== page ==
There are 25 days until we kick off the 2019 version of The Tradition Unlike Any Other, The Masters Tournament played over Bobby Jones, Alister Mackenzie and Clifford Roberts masterpiece the Augusta National Golf Club in Augusta Georgia. To get everyone in the mood for it I will countdown to the great tournament going over the top 25 moments in the tournament’s history. Including the good the bad and the ugly.
No. 25 (1991) Ian Woosnam
Throughout the ’80s and ’90s, the grounds of Augusta National were dominated by a European Invasion over those two decades, seven European Golfers combined to win eleven of the twenty tournaments. While Europe was dominating the golf world the one man who was often overlooked was a 5’4 man from Wales named Ian Woosnam. Despite routinely being the highest ranked golfer in the OWGR from across the pond he could never break through and win a Major. That all changed when he made the drive down Magnolia Lane in April of 1991.
Woosnam started his tournament with an Even Par, 72 that left him five shots off the first round lead held by a threesome of Jim Gallacher Jr. Mark McCumber, and Lanny Wadkins. He then caught fire on Friday and Saturday shooting -6, 66 on Friday and following it up with a -5, 67 on Saturday to take the lead going into the final round by one over two-time champion Tom Watson. As Sunday began Woosnam and Watson were joined in battle by Ben Crenshaw, Jose Maria Olazabal, Steve Pate, and Wadkins. Pate opened his round nine shots off the lead but he made two early birdies and an eagle on the Par Five eighth to enter the fray. He followed up his -4 front nine, with a -3 back nine with birdies at 13, 15 and 17 to finish the tournament at -9, 279. Wadkins picked up an early birdie at the second hole but faltered with a double bogey on the fifth and from there he could never quite regain momentum finishing at -9 with Pate. Crenshaw started his day six off the lead birdied two, bogeyed four, then played three under golf from there on in caped by an Eagle at fifteen.
Olazabal birdied three of his first seven holes before bogeying three straight from 8-10. Meanwhile, Woosnman was all over the place he somehow managed a -1 front nine with three birdies and two bogeys. Watson turned in a +1 front nine with two bogeys on one and five with a lone birdie at two. Woosnam’s lead was three over Watson and four over Olazabal who was one group ahead as the final group made the turn for home. A poor tee shot cost Woosnam a stroke as he bogeyed the tenth while Watson made a birdie, and Olazabal steadied himself with a Par at the brutal eleventh. Watson appeared to shoot himself out of contention as he found the water on both eleven and twelve leading to a bogey, and a double. Woosnam pared both holes as up ahead on thirteen Olazabal made a birdie. Woosnam stood on the 13th tee box four shots clear of Watson and three of Olazabal. It was his tournament to lose…until he put his tee shot on the 13th into Rae’s Creek, which led to a bogey while Watson rebounded with an incredible Eagle, and Olazabal up ahead made another at 14 and just like that Woosnam’s lead was down to one over the two of them. Both Woosnam and Watson Pared 14, while Olazabal picked up his third straight birdie at the 15th and tied Woosnam for the lead. Watson made another Eagle at 15, Woosnam limited the damage by making a birdie of his own. The three warriors were tied for the lead with three holes to play.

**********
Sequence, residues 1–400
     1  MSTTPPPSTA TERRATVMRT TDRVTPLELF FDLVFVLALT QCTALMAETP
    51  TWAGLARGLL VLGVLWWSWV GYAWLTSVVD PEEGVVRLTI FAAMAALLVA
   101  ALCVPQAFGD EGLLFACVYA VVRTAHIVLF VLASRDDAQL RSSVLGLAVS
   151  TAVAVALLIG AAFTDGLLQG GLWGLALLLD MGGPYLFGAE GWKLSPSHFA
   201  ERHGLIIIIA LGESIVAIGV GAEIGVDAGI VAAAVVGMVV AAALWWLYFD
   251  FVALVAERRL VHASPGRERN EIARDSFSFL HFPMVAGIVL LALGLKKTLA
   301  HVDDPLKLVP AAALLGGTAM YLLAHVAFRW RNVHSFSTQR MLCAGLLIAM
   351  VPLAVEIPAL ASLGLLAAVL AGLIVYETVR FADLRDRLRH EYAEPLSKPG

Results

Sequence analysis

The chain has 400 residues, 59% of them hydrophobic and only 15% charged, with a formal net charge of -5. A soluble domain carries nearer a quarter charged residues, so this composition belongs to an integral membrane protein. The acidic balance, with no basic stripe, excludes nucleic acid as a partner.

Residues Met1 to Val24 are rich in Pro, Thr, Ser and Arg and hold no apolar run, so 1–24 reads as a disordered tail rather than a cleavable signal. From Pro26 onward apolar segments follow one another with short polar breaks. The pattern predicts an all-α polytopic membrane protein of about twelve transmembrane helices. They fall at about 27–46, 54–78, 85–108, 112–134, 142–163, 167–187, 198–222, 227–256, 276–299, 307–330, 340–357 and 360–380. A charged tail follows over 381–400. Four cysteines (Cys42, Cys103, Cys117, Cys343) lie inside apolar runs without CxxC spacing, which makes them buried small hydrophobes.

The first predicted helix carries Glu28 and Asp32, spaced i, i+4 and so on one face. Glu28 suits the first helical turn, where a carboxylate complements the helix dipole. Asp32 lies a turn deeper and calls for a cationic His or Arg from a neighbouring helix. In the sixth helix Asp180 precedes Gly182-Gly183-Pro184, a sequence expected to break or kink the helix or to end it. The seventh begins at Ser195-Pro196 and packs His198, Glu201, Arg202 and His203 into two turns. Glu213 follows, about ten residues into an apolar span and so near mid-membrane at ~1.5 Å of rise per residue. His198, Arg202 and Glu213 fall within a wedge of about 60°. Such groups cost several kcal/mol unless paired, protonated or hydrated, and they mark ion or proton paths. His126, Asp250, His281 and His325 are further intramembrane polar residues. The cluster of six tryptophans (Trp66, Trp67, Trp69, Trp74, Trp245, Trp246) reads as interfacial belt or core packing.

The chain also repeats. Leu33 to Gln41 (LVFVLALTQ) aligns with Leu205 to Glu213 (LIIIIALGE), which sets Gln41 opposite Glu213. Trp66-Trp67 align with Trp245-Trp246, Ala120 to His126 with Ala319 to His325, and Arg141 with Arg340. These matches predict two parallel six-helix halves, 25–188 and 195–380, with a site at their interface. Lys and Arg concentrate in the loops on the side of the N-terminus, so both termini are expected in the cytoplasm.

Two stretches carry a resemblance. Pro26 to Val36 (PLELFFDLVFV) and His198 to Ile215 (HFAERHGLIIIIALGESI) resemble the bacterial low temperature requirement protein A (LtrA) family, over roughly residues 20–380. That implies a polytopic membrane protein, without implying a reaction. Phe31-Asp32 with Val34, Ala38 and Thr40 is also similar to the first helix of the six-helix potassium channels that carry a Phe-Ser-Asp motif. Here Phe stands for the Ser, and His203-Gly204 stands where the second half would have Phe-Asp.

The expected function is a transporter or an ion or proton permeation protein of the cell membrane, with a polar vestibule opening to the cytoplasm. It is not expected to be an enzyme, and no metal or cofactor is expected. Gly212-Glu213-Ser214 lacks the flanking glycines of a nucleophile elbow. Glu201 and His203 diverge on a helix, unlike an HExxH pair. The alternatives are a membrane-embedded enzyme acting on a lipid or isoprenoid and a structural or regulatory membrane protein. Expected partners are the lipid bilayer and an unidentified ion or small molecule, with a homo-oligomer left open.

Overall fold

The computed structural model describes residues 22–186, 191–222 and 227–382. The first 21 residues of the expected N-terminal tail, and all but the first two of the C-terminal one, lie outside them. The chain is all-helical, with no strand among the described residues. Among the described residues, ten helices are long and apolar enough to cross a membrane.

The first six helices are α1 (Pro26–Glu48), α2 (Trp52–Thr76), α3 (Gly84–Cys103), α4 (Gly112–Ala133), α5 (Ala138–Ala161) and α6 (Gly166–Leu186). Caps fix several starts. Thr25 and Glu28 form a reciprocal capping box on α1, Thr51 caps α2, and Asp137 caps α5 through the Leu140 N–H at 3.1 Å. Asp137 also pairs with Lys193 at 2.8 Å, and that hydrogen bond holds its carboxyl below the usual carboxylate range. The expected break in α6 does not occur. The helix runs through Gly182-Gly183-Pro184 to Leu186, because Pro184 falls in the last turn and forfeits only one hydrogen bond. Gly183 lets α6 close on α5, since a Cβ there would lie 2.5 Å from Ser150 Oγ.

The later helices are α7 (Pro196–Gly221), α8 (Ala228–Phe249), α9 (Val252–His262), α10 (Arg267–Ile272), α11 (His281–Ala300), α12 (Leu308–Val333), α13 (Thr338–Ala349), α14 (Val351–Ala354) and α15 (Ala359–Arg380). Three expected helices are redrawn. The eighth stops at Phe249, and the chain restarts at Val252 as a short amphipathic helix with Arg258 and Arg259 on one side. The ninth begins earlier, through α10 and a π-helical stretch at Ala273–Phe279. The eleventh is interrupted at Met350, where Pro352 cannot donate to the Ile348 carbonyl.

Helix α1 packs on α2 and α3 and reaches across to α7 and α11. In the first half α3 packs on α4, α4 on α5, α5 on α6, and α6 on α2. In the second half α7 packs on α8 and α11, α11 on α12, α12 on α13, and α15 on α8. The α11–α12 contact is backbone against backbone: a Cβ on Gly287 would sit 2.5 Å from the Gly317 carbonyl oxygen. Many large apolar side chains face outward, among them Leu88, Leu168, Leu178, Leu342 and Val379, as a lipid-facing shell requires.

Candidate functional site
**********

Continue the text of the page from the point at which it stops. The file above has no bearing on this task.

All three pared the Par 3, 16th and all pared the Par 4, 17th. Olazabal ahead of the other two was first to play the 18th. His tee shot found a fairway bunker, and he put his 2nd shot in the front left greenside bunker. As Olazabal assessed his bunker shot, Watson and Woosnam stepped to the tee, Watson hit a poor tee shot into the right woods. While Woosnam hit a massive tee shot that cleared the fairway bunker. Olazabal up by the green had a long uphill bunker shot the hardest shot in golf. Predictably he left it short and failed to make his long par putt he finished a -10 (278) and needed to hope that both Watson and Woosnam faltered behind him. Watson tried to pull off a miraculous escape from the pine straw that came up just a few yards short of perfection as he found the same bunker as Olazabal did. Woosnam came up short with his 2nd shot but left it in a place where he could putt at it about 60ft below the hole. Watson was not going to make the same mistake as Olazabal he hit his bunker shot too hard and blew it 25ft past the flag. Woosnam hit his putt seven feet by the hole, two putts by two great players with everything on the line. Watson blew his Par Putt by the hole and missed his bogey putt coming back ending his chances he finished in a tie for 3rd at -9 (279) It was down to a 7ft par putt for Woosnam to decide whether he would slip the Green Jacket on his shoulders to have to fight Olazabal in a playoff. It was downhill it was right to left, and it was right in the center of the hole Woosnman made the biggest Par Putt of his life and finally had a Major Championship. 1990 Champion Nick Faldo helped him into his green jacket and a little amateur from San Diego you may know him as Phil Mickelson was honored as the tournament’s Low Amateur.